Guide to Taiwanese Oolong Teas

27 09 2009

Oolong tea from Taiwan is also known as (Imperial) Formosa Oolong. Thanks to the ideal growing conditions, Taiwan porduces some of the best oolongs in the world. Sweetness and floral notes is something that most of these oolong teas have in common, where as some have a more ‘baked’ aroma then others.

pouchongPouchong – (also known as Baozhong or Qing Cha) a light floral oolong that undergoes a low oxidation and withering process (8% – 18%). It is lightly rolled with leaves of long, slightly twisted shape and with the most green color of all oolong teas. It is often placed somewhere between green and oolong teas. It originated in Pinglin where it is still produced. There are three main varieties of Pouchong – Wenshan, Nangang and Lanyang.

dongdingDong Ding – (“Ice Peak” also known as Tung Ting) medium oxidized oolong tea (15% – 25%) that grows 600 to 1200 meters above sea level in Dong Ding Mountain. This tea is rolled slightly more then Pouchong, the leaves resemble a ball-shape. Its flavor has hints of honey and a long aftertaste resembling honeydew melon. It is believed that the first plants of Dong Ding Oolong tea were taken from Wu Yi, China.

gaoshanGao Shan – (High Mountain Tea) high mountain tea which  is also medium oxidized with characteristic semi-ball shape. It grows at high altitudes of 1000 meters or more. This is more of a general term for high mountain tea variations like Alishan, Lishan, Wushe, Yushan and Meishan fall into this category, where Alishan is the top-priced one. They commonly have a sweet, nectar-like fragrance and a light taste. Da Yu Ling is a high mountain tea that comes mostly from plantations located between 2300 – 2600 meters above sea level, which are the one of the highest tea regions in the world.

tieguanyinTie Guan Yin – (“Iron Goddess”) this tea is heavily rolled into ball-shapes and can come in different roasting levels. The more roasted kind will have a strong baked aroma and a brown color, where as the lightly-roasted types and more green. It is mainly produced in China where the most famous An Xi Tie Guan Yin comes from, however the Taiwanese variation from Nantou uses a different variation of plant, but uses the same production technique.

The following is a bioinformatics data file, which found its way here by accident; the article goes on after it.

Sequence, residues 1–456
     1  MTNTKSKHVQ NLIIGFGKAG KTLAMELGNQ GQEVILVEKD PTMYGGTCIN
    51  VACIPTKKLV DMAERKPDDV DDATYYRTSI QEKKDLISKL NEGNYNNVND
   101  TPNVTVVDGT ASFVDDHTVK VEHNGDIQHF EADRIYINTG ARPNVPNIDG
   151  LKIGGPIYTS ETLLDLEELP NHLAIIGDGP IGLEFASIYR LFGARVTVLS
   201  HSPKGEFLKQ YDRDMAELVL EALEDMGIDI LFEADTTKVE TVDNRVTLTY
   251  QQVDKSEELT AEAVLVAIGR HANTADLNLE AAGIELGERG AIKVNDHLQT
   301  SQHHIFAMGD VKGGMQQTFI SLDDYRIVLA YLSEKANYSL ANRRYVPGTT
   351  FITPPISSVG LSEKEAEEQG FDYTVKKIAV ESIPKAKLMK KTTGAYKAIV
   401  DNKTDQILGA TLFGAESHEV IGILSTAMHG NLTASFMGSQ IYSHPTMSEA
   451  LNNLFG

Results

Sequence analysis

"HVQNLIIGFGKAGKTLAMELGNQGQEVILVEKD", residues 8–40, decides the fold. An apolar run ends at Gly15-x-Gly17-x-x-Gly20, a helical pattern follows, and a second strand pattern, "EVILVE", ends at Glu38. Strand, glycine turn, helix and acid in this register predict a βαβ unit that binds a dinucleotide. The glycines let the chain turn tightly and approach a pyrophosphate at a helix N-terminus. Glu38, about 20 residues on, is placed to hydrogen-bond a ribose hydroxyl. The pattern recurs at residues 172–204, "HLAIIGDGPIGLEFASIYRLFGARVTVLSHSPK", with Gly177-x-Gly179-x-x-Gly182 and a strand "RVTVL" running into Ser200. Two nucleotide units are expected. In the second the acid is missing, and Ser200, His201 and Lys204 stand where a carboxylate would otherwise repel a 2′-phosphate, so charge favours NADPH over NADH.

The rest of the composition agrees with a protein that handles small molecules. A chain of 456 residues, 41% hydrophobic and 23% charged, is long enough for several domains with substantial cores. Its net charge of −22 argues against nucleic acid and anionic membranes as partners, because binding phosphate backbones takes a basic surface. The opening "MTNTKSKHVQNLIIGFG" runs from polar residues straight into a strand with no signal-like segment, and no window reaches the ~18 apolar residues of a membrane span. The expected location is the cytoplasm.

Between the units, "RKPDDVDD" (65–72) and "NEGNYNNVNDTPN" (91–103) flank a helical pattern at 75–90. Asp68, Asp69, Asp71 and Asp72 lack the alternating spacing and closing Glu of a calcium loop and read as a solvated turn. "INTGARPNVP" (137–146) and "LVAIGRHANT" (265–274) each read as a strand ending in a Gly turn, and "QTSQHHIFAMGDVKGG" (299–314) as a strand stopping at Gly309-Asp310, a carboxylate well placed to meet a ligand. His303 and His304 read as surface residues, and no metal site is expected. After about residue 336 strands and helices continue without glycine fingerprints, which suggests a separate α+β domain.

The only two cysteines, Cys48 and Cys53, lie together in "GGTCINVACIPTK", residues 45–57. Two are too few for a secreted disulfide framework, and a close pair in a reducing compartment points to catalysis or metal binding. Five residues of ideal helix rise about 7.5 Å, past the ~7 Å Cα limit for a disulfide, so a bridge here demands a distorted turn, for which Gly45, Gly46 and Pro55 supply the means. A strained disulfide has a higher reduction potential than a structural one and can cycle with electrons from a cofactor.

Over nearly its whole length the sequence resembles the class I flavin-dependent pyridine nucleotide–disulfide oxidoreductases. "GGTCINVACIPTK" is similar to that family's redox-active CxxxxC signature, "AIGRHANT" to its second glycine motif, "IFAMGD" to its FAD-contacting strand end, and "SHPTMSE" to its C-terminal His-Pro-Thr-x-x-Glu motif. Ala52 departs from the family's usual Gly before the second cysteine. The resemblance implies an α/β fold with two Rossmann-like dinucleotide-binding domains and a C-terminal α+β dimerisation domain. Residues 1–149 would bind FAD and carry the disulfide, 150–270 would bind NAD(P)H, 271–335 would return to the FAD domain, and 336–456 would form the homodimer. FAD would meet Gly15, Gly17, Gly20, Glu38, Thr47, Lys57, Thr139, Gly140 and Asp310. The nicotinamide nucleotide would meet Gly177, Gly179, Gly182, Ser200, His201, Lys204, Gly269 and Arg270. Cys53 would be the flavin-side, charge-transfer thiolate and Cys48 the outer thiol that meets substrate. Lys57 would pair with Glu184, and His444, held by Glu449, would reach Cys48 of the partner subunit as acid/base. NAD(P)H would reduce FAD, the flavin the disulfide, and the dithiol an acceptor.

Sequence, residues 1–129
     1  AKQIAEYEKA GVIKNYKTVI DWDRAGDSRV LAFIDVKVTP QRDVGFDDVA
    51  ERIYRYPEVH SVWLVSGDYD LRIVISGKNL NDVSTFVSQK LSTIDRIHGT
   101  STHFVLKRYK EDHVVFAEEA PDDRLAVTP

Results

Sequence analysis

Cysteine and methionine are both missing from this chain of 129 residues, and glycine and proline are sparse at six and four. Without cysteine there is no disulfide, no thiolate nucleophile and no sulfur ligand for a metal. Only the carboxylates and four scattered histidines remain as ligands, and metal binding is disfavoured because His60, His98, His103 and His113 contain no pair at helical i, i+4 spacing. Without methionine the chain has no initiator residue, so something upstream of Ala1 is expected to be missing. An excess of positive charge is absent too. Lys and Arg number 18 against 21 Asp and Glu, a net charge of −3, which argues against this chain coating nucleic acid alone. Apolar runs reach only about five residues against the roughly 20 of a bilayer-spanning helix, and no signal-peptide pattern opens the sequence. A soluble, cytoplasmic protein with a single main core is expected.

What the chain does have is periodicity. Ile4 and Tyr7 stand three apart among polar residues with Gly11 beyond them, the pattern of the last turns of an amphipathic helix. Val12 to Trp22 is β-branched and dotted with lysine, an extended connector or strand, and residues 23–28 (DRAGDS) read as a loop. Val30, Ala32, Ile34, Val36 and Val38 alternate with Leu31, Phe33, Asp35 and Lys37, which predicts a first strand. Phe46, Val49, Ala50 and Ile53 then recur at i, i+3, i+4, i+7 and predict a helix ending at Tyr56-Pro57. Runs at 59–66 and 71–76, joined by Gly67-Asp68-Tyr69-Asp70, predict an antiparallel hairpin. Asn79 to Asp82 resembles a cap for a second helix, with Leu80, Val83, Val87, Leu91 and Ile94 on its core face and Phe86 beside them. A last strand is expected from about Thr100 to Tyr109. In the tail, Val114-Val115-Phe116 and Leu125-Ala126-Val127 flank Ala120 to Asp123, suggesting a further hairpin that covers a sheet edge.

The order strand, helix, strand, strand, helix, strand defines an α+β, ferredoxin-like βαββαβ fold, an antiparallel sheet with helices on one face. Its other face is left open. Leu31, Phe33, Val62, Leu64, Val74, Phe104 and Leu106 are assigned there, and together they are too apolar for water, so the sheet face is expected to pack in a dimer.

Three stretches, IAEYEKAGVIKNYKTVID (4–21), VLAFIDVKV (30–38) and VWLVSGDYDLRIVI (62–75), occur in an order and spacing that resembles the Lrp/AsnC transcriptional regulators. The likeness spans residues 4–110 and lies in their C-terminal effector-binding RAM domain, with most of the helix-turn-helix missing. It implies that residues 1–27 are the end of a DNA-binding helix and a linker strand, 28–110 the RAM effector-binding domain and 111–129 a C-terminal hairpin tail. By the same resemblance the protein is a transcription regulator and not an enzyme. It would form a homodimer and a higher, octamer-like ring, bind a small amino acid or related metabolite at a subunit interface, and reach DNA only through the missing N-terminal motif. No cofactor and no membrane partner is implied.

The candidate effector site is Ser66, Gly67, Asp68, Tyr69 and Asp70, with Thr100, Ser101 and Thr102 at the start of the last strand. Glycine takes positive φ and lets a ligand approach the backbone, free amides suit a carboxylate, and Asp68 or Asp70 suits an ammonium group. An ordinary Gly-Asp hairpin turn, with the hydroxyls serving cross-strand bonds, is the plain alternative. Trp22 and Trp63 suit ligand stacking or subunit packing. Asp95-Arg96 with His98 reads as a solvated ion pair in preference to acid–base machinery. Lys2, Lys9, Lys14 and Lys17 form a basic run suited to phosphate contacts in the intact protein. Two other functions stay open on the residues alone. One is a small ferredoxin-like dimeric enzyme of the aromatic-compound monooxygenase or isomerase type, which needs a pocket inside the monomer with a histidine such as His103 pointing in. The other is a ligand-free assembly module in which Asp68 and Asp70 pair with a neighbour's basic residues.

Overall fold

dongfangmeirenDong Fang Mei Ren – (“Oriental Beauty” also known as Bai Hao Oolong or Peng Feng) one of the Champagne Formosa Oolongs, it has leaves reminiscent of autumn foliage or even fire, with its brown, red and yellow colors. It consists of mature leaves picked with its best grades picked during the summer. The leaves are heavily oxidized (50% – 70%) and undergo a heavy withering process. This tea has a sweet, smooth taste with baked, ripe-peach aroma. In order to accentuate it’s flavor it is customary to add a few drops of champagne. Origin of it’s name dates back to early 20th century when Queen Elizabeth II was presented with a sample was inspired  to call it “Oriental Beauty”.

jinxuanJin Xuan – (Milk Oolong, Silk Oolong) perhaps one of the more special oolongs, as it has a distinct milk/creamy aroma, which develops due to the growing climate and conditions. It is a completely natural aroma and it does not occur as a result of any artificial flavoring. This tea has a very sweet and creamy aroma and a light, smooth finish. The leaves are heavily curled and have a dark green appearance.

Cui Yu – (Jade Oolong) semi-oxidized oolong tea, also referred to a ‘green oolong’ because of its green appearance. It has a floral character and tightly curled leaves. It gives of a sweet scent, very similar to Jasmine and is a great entry point to Taiwanese Oolong teas.

Si Ji Chun – (Four Season Oolong) is also a High Mountain Tea, that was developed in the 1980s. It is semi-oxidized  with ball-shaped leaves and a smooth, sweet, light flavor. Most of Si Ji Chun comes from low altitude plantations, which makes this tea both economic and widely available. The reason why it’s grown in low altitudes is because the flavor and quality of this tea remains the same regardless of how high the plants are grown.

GuidesChinese White | Chinese Yellow | Chinese Red | Japanese Tea



4 responses

28 09 2009

Thanks for publishing this, it makes Oolongs so much more clear for me. I don’t have a lot of experience with them and I have been so unsure about which categories the ones I liked fell into. This will help me in getting more I like.

28 09 2009

You’re very welcome

13 10 2009
Jason Witt

Look at that Oriental Beauty! You have some really marvelous pictures here, I must tell you. I’m really impressed. They’re like tea store photos. –Teaternity

24 07 2010

Great information. I just purchased some Gao Shan Oolong and wasn’t sure what I had. Thanks!

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